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Culinary Terms that Should be Banned!


liuzhou
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2 hours ago, weinoo said:

 

Trust me - the few interactions I've had with him, in real life over the years, have been less than pleasant.

 

A gavone indeed. And in his deeds, a real piece of work - consider how he escaped all the accusations.

I always wondered how he came out unscathed from the Batali stuff.  He knew.  

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That wasn't chicken

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there was an article on-line today in the NYTimes :

 

https://www.nytimes.com/2022/01/25/dining/air-fryer.html

 

""  A year ago, Rebecca Abbott, a food photographer and blogger in Mesa, Ariz., bought her first air fryer to develop recipes for a client’s blog. She started with the usual air-fryer specialties, frozen pizza rolls and tater tots, but it wasn’t long until she realized that her model could make pretty much anything she wanted. Four months later, she was stunned when her homemade cheesecake emerged from the device, baked to perfection in 20 minutes with no cracks or dips. ""

 

etc etc

 

then a bit later in that same article :

 

""  Farrah Jalanbo, a food influencer in Chino Hills, Calif., came up with an elote-inspired recipe for corn ribs that became an air-fryer favorite.  ""

 

I don't know FJ and this has little to do w FJ  but please 

 

Food influencer ?

 

drunk.jpeg.ea3ef6a4e63bc73fa1f99d6a7b02b704.jpeg

 

 

 

 

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3 hours ago, rotuts said:

""  Farrah Jalanbo, a food influencer in Chino Hills, Calif., came up with an elote-inspired recipe for corn ribs that became an air-fryer favorite.  ""

 

I don't know FJ and this has little to do w FJ  but please 

 

I influence food all the time—mainly from wherever it's been prepared into my mouth.

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"There is no sincerer love than the love of food."  -George Bernard Shaw, Man and Superman, Act 1

 

Gene Weingarten, writing in the Washington Post about online news stories and the accompanying readers' comments: "I basically like 'comments,' though they can seem a little jarring: spit-flecked rants that are appended to a product that at least tries for a measure of objectivity and dignity. It's as though when you order a sirloin steak, it comes with a side of maggots."

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Great.  Another foolish term.  Foodie always made me roll my eyes, but food influencer?  Seriously?  I'm with rotus.  Knock it off already LOL

 

and, who actually decides who is, and who is not, an influencer? ;) is there a committee?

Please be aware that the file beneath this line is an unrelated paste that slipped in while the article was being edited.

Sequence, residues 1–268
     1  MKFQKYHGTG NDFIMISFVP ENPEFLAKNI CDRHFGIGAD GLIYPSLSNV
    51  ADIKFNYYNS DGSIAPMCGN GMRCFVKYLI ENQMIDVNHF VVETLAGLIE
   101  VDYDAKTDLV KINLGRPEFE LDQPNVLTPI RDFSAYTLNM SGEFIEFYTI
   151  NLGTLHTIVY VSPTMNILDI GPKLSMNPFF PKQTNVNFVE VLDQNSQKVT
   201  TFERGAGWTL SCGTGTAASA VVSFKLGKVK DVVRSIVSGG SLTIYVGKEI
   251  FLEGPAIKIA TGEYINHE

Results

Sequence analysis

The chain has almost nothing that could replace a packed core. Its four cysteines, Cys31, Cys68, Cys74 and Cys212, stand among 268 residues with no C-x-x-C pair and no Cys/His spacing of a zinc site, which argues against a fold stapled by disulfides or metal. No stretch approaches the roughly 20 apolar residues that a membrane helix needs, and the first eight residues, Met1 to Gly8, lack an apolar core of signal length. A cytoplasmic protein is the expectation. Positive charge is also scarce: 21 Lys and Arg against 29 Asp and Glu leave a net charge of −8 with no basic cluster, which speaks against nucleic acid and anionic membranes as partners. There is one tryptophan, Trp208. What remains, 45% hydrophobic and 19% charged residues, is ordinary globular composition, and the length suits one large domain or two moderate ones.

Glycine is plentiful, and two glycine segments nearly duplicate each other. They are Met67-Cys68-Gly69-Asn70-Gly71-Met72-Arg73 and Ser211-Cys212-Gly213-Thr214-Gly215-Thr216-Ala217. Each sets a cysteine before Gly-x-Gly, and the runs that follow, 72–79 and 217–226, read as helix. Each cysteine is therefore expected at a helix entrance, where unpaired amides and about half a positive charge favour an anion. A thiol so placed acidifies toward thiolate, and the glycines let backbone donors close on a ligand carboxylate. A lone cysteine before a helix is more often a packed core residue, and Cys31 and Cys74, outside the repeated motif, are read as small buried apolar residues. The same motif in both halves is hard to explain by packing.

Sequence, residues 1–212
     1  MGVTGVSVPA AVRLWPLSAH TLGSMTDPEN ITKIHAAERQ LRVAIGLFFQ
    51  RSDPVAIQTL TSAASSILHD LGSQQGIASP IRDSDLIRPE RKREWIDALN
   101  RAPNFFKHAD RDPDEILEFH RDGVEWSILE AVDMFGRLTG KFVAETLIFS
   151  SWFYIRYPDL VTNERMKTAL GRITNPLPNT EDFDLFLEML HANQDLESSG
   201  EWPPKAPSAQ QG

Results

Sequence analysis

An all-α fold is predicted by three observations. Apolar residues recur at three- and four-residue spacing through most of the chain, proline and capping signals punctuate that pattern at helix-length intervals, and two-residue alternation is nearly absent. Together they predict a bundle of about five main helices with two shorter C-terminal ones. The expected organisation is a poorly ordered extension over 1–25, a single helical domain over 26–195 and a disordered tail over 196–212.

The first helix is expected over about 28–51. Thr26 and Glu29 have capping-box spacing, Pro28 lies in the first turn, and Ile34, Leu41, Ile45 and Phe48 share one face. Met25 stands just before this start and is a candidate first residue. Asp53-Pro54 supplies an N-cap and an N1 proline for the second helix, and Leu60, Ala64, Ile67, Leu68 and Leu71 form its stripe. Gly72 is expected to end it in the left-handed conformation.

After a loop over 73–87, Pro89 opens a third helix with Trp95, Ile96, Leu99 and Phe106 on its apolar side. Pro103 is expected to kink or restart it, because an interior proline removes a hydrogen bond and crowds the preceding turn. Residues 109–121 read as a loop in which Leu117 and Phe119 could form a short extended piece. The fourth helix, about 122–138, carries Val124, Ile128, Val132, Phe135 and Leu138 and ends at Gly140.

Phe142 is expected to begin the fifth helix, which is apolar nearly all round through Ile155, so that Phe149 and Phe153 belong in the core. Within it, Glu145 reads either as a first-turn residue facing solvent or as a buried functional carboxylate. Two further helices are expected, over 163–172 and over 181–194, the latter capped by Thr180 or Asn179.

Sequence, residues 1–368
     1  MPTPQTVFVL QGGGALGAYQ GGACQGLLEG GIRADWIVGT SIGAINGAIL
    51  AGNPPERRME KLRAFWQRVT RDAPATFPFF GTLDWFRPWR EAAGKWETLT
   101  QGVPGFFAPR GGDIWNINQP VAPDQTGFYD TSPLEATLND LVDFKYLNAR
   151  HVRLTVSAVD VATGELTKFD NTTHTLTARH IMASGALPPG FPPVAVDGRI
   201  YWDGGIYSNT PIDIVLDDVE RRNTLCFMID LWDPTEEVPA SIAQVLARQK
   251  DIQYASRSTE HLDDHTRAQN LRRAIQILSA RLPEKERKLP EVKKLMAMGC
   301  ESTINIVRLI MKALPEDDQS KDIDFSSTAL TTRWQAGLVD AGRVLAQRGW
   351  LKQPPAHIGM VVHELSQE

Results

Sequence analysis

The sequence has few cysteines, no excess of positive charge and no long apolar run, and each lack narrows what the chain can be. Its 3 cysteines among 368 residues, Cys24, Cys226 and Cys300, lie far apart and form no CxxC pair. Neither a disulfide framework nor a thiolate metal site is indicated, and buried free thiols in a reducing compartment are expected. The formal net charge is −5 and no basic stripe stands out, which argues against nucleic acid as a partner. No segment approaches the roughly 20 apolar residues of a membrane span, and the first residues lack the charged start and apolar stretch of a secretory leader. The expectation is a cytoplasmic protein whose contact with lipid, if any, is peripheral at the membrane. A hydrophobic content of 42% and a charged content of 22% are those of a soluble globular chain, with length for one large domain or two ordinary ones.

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4 minutes ago, JeanneCake said:

Great.  Another foolish term.  Foodie always made me roll my eyes, but food influencer?  Seriously?  I'm with rotus.  Knock it off already LOL

 

and, who actually decides who is, and who is not, an influencer? ;) is there a committee?

 

Yes, and it's an influential one.

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"There is no sincerer love than the love of food."  -George Bernard Shaw, Man and Superman, Act 1

 

Gene Weingarten, writing in the Washington Post about online news stories and the accompanying readers' comments: "I basically like 'comments,' though they can seem a little jarring: spit-flecked rants that are appended to a product that at least tries for a measure of objectivity and dignity. It's as though when you order a sirloin steak, it comes with a side of maggots."

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On 3/30/2021 at 9:06 PM, AAQuesada said:

Lolol! How many people actually pronounce 'eGullet' correctly?  

 

If it's wrong i don't want to be right 😉

eGoulet

BDA6855C-458B-4A5E-BE3E-6B584BF72401.jpeg

My dad claims to have worked with Robert Goulet in the early days and said he was known as (phonetically)  Bob Gull-it

 

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57 minutes ago, JeanneCake said:

Great.  Another foolish term.  Foodie always made me roll my eyes, but food influencer?  Seriously?  I'm with rotus.  Knock it off already LOL

 

and, who actually decides who is, and who is not, an influencer? ;) is there a committee?

No it is  likes, hits, followers, subscribers etc. The vast unwashed masses. An artificial world. 

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'Influencer' seems to be a term that's escaped from the marketing corral.  Madison Avenue types started identifying Youtubers with a broad reach and approached them about being spokesbeings because they were in the position to influence people.

 

At that point Influencer=Money.

 

Now everyone (of that ilk) wants to be an influencer. And the use of the term is shameless.

 

[edit]There are now Influencer Awards.  Big, loud, EDM Award Ceremonies....